When is it no longer a cross?

Discussion in 'General breed discussions & FAQ' started by Naamahbengals, Dec 5, 2013.

  1. Naamahbengals

    Naamahbengals Chillin' With My Peeps

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    If you cross one breed with another to improve a trait - say, size, or egg production, etc - and then breed the cross chicks back to the original breed for several generations... at what point is it no longer considered a 'cross', but just that breed? 3 generations? 10? Or is it based on the chicken's appearance (if it retained any non-standard traits, like wrong lobe color, or egg color slightly different)? Is it still considered a cross even after 5gen back to the original breed if it happens to keep a trait from the cross (that you weren't breeding for to improve)? Or is it 'xyz breed with x trait'?
     
  2. donrae

    donrae Hopelessly Addicted Premium Member

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    I'd be interested to see what some of the serious breeders say about this, also.

    My guess is there's no set number of generations. Some traits are going to be harder to breed out than others, thus more generations. I'm thinking it's when your offspring birds breed true to the original breed standard, however long that may take.

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  3. aurissavannahs

    aurissavannahs Chillin' With My Peeps

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    After an outcross a breed is considered pure when it again meets the standard and breeds true.
     
  4. Fred's Hens

    Fred's Hens Chicken Obsessed Premium Member

    Yeeeeup. Well stated.
     
  5. DCchicken

    DCchicken Chillin' With My Peeps

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    Even a true breed bird can have traits that rise to the surface from the past mix used to create the breed. For example, the Cream Legbar is a compilation of many different breeds. The mix has been standardized in the U.K. as one breed, the Crested Cream Legbar. However, many unknown traits (such as an all white recessive color) are cropping up as the different imported lines are mixed.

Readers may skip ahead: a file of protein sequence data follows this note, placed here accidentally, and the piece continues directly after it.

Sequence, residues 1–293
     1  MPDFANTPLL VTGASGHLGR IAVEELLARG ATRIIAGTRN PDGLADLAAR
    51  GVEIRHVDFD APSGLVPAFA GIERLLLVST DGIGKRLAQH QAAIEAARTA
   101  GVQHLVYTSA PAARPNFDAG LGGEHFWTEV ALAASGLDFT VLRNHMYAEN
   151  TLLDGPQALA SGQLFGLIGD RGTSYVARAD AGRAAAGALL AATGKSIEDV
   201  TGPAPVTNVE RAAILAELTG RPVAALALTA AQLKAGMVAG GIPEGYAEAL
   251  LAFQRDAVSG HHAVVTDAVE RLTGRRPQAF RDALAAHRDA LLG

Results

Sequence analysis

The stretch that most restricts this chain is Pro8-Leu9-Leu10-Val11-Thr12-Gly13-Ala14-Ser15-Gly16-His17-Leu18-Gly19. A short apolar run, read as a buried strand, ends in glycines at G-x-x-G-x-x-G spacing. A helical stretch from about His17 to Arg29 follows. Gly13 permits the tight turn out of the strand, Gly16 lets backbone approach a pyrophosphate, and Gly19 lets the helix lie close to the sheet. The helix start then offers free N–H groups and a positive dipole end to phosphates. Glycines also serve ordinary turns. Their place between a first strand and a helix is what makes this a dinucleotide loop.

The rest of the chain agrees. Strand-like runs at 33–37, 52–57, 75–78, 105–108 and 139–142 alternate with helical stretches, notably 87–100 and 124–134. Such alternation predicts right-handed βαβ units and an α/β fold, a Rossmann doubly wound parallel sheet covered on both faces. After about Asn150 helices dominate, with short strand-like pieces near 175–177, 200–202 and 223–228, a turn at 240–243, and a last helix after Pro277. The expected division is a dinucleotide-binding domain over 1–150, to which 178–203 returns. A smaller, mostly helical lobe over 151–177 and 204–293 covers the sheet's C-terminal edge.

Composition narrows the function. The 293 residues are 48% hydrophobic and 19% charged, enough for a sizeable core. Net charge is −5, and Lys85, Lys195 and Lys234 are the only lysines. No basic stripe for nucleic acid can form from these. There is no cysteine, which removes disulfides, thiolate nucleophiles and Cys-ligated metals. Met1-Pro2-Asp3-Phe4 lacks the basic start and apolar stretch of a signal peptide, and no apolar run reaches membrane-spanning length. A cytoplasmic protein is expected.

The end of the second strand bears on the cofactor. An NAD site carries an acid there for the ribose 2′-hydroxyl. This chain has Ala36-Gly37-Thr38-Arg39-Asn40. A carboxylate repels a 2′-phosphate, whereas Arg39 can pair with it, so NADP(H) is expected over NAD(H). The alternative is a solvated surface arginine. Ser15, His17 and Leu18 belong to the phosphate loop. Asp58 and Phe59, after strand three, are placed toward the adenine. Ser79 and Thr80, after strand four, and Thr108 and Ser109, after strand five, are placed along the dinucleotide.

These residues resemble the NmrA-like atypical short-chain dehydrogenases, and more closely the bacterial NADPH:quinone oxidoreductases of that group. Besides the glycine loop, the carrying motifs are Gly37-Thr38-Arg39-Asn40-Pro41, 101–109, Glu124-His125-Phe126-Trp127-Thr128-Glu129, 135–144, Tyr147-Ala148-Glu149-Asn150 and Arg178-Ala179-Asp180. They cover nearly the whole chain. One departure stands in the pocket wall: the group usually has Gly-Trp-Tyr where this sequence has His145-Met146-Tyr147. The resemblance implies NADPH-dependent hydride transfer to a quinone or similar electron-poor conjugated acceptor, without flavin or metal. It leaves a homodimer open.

I think the question you are asking (from your post in another forum) is if an Ayam Cemani that is not all black is it an Ayam Cemani. In my opinion, no it is not an Ayam Cemani. It is Ayam Kedu or a Kedu cross. The term Ayam Cemani usually refers to a Fibro Melanistic version of Ayam Kedu. So basically if it does not have black skin, comb, wattle, tongue, vent, and meat, then many people will say it is not Ayam Cemani. However since there is no standard in the U.S. for Ayam Cemani, it really does not matter unless you are trying to sell the offspring as Ayam Cemani. Most people that are paying the high price for Ayam Cemani want the bird to follow the Indonesian standard.

    Maybe this will help answer your question: http://www.feathersite.com/Poultry/CGK/Kedu/BRKKeduEdited.html ..

    I can tell you that those of us with Ayam Cemani are only breeding the all black birds. In other words, if the chick does not have black skin, black comb, black meat, and black vent, it is not used for breeding. In the future when Ayam Cemani is standardized, you will want your birds to be this exact standard.
     
    Last edited: Dec 6, 2013
  6. Naamahbengals

    Naamahbengals Chillin' With My Peeps

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    No, not a not-black Ayam Cemani - a Cemani with black skin, flesh, wattles, etc, but just whitish or blueish ear lobes (like how Silkies have). Not at all like a Kedu, with its red comb and lighter skin. I think that's different than one that looks like a completely different breed.